A Security Officer Told Police He Was Shot by a Black Man. Turns Out, He’d Shot Himself

In a dimly lit, wooded area on the southwest side of St. Catherine University in St. Paul, Minn., the handgun Brent Ahlers brought to work accidentally discharged, wounding him.

As a security officer at the Catholic university, Ahlers knew the school did not typically arm its personnel, and he feared that bringing his weapon on campus would lead to his firing.

And so, with blood spewing from the gunshot wound to his shoulder, Ahlers crafted a story.

This is all according to St. Paul police, who said that at about 9:30 Tuesday night, Ahlers, who is white, told them that he’d been shot by a black man with a “short Afro” and wearing a navy blue sweatshirt.

Within minutes, 55 officers swarmed the campus, along with four police dogs and a State Patrol aircraft to search for the suspect.

Ahlers was taken to the hospital and released, according to a statement posted on the St. Catherine website. He is expected to make a full recovery.

At a news conference, police spokesman Mike Ernster said the campus had been on lockdown with “1,800 students held captive in their dorm rooms.” Neighborhood residents, shaken by reports of a gunman at large, asked police officers to check their houses.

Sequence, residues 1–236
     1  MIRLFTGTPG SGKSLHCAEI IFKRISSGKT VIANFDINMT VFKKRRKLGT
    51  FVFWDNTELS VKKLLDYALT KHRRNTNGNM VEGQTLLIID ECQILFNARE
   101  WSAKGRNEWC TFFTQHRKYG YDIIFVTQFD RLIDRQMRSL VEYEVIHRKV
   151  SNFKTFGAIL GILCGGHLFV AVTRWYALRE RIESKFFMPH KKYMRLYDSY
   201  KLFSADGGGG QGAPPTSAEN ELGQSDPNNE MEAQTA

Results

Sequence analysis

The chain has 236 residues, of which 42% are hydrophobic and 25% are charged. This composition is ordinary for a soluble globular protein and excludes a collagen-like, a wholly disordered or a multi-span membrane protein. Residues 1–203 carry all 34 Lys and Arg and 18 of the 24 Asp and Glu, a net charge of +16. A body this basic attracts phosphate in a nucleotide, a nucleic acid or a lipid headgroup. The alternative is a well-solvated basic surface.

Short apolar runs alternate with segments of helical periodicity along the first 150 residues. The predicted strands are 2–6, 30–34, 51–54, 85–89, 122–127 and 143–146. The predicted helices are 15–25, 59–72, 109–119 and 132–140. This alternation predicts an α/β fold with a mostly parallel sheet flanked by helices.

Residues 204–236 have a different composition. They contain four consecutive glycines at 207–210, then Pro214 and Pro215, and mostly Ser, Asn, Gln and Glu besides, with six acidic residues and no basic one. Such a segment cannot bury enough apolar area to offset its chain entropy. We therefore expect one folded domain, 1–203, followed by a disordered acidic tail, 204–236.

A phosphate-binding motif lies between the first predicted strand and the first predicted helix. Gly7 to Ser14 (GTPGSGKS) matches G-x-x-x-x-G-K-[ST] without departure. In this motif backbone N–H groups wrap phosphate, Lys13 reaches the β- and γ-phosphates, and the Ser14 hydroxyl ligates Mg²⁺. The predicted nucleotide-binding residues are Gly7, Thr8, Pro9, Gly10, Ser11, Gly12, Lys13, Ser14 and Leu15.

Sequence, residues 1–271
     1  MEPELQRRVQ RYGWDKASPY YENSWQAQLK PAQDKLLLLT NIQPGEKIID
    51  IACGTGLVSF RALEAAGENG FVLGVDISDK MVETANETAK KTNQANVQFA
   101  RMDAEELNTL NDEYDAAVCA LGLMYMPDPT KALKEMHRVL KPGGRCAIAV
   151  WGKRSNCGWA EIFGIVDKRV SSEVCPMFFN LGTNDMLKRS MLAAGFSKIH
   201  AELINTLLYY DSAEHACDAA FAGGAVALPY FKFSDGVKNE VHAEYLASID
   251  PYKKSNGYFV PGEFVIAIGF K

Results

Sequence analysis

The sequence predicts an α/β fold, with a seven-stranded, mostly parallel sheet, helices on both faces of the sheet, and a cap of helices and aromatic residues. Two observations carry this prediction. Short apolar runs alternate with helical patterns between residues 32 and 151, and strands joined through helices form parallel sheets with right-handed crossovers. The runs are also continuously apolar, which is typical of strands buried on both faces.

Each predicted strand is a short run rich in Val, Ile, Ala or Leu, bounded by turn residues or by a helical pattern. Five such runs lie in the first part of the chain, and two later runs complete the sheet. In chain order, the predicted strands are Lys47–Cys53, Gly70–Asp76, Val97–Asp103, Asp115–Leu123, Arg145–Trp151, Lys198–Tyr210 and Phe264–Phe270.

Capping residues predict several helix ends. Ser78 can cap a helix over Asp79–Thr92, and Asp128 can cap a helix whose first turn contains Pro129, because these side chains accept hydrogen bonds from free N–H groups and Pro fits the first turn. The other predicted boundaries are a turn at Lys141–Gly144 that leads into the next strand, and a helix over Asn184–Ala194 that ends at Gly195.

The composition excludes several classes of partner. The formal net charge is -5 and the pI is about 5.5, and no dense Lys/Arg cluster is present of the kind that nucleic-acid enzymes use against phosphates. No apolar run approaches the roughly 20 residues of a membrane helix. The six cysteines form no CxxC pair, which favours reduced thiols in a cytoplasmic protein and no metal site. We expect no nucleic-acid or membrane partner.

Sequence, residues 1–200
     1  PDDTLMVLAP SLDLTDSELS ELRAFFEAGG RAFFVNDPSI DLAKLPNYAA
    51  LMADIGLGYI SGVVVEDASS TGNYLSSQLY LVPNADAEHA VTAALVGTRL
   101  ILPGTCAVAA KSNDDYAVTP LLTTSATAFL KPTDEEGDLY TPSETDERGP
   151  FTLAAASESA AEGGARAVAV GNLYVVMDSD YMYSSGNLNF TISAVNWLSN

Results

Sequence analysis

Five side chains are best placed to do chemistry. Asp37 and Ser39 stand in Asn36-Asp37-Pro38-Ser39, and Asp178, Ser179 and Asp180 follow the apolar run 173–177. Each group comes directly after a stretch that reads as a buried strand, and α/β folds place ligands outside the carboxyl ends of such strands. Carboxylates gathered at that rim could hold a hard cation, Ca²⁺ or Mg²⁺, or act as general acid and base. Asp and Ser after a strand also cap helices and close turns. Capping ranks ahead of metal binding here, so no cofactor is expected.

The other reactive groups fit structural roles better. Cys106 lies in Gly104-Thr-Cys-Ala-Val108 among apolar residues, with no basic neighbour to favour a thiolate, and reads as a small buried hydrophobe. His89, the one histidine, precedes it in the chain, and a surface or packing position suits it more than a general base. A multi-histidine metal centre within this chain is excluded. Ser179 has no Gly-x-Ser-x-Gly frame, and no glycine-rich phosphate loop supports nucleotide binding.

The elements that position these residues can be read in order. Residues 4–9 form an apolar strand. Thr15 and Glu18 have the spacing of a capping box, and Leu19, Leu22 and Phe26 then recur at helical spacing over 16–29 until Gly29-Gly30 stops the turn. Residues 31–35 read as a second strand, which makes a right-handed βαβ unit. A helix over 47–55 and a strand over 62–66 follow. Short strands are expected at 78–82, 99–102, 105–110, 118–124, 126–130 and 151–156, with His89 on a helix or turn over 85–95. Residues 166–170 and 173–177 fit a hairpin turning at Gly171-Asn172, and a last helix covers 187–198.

Just after 1 a.m. Wednesday, a tweet from the St. Paul Police public information office offered scant reassurance: “UPDATE on St. Kate’s shooting: Search has concluded; no suspect located. Investigation ongoing.”

Over the course of that day, just how little of a threat there was would come clearer into view as police interviewed Ahlers, who was allegedly recanting his tale.

“He was nervous about losing his job due to the fact that he had his gun at work, and what had occurred, so he made up the story to cover what had happened,” Ernster told local media Wednesday.

Ahlers was then arrested and booked in the Ramsey County jail for falsely reporting a crime. He was released Thursday morning with an arraignment scheduled for Oct. 31, according to the Star Tribune.

The at-large suspect — the black man with the “short Afro” — never existed, Ernster said.

Police told the Star Tribune that they were immediately skeptical of Ahlers’s original story, so they chose not to publicize his description of the shooter. However, audio from police scanner traffic posted by MN Police Clips was widely shared on social media. That audio included identifiers such as the fabricated suspect’s race, navy blue sweatshirt and Afro.

For the full story visit: https://www.washingtonpost.com/news/morning-mix/wp/2017/09/15/a-white-security-officer-told-police-he-was-shot-by-a-black-man-turns-out-hed-shot-himself/?utm_term=.044cfcb2224a